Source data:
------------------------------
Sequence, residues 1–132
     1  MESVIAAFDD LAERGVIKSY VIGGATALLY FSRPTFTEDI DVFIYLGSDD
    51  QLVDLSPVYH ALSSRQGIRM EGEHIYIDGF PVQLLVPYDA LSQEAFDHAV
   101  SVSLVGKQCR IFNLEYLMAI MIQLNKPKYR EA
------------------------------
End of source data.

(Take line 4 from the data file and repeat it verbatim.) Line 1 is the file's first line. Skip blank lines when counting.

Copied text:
   101  SVSLVGKQCR IFNLEYLMAI MIQLNKPKYR EA